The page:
This course uses interactive educational technologies (work in small groups, interactive seminars; brainstorming sessions, extensive home-reading). Students are expected to be well prepared, they must carefully study all materials indicated before the seminar. Students are expected to spend 3-4 academic hours of home reading, researching, and preparation per week. Every lecture will be followed by the correspondent seminars as specified in this syllabus. In order to be prepared for the lectures, it is necessary to use the sources enlisted in this syllabus. To prepare for the seminar, it is necessary to study carefully the material assigned before the lesson. Particular attention should be paid to the basic principles, sources, and the correct terminology of Public International Law. When preparing, it is recommended to refer to the works of the highly qualified PIL scholars. It is compulsory to study, analyze and make references to the decisions of international judicial and quasi-judicial bodies. Lectures by authoritative international scholars on various topics of the course can be viewed online at the Library of Audiovisual Materials on UN International Law at http://www.un.org/law/avl/ . Comments on the most pressing issues of Public International Law can be found on the websites of the different blogs, e.g. of the European Society of International Law blog at: http://www.ejiltalk.org. The students will be evaluated on their performance during the seminars. Each student is expected to attend all the seminars and be prepared on the topic of the seminar in advance. The students must study the assigned material. The knowledge of the students can be assessed in class through written tests (close and/or open questions), as well as on the ground of his/her active/inactive participation in class discussions.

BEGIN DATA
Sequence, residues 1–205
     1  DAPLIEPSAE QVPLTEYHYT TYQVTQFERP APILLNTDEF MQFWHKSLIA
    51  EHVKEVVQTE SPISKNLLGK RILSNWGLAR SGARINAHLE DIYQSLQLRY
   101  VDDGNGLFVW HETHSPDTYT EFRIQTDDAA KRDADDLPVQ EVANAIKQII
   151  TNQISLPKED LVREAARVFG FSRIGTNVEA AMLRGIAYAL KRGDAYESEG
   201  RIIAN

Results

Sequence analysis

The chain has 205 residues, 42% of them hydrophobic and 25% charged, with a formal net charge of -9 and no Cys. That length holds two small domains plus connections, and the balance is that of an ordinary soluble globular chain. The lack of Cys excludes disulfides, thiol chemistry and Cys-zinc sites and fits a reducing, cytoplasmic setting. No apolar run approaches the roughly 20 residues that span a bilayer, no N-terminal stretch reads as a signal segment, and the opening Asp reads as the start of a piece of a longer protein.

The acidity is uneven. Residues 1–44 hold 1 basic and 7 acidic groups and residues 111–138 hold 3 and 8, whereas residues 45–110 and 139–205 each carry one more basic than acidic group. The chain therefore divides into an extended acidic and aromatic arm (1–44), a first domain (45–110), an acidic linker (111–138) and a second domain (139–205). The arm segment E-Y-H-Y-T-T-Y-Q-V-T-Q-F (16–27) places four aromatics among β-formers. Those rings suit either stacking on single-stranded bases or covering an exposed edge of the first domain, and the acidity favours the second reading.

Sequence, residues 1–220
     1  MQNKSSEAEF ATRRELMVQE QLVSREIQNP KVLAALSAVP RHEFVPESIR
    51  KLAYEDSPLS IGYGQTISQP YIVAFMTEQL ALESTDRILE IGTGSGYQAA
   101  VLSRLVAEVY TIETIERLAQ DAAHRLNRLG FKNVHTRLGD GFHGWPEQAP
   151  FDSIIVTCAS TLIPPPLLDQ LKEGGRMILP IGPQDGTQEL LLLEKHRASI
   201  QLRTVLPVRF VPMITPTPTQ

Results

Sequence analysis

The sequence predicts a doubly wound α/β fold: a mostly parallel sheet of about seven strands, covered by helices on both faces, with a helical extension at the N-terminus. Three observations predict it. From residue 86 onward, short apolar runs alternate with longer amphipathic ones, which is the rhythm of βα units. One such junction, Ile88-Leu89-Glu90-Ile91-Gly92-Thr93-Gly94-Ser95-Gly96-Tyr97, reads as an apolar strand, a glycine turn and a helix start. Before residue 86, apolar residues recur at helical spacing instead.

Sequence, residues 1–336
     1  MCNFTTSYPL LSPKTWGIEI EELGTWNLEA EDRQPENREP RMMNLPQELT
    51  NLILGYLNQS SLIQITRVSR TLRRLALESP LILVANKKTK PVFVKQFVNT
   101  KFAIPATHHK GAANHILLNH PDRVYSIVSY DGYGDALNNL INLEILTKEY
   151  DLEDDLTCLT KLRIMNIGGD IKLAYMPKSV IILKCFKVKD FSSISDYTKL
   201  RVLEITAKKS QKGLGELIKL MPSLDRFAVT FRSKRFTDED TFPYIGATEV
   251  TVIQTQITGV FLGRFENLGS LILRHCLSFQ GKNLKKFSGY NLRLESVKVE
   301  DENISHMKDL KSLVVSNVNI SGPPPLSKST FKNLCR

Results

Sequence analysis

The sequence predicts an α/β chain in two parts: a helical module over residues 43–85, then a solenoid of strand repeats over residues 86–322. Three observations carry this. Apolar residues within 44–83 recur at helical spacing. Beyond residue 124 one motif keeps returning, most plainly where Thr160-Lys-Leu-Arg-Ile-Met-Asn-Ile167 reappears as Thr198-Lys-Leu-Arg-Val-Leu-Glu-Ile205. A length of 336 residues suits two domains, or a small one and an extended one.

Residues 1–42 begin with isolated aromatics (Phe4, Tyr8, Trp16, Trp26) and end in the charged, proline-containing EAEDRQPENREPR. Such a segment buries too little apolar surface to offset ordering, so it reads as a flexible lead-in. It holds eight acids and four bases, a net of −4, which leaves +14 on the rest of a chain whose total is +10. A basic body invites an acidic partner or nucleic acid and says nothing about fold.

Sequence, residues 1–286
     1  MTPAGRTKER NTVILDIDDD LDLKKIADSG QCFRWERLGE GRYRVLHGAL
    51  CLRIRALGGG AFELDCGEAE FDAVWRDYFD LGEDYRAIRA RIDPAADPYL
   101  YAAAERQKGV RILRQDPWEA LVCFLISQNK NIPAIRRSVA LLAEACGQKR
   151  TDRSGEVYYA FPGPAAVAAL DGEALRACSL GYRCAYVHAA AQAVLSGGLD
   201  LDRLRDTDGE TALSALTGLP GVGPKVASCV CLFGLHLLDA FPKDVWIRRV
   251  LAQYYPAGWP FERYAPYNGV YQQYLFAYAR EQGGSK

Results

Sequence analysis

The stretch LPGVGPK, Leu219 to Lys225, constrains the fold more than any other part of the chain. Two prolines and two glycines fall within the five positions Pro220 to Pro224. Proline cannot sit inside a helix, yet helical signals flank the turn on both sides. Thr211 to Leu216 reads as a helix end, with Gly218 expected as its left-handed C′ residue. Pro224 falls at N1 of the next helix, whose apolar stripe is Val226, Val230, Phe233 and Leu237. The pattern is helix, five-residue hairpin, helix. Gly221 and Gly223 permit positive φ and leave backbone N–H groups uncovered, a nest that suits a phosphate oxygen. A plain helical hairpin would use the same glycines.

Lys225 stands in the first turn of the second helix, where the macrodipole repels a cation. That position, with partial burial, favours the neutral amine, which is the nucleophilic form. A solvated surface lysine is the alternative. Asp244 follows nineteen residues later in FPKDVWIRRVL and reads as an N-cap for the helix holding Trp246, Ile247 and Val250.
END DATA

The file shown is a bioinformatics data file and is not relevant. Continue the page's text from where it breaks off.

• non-blocking Written test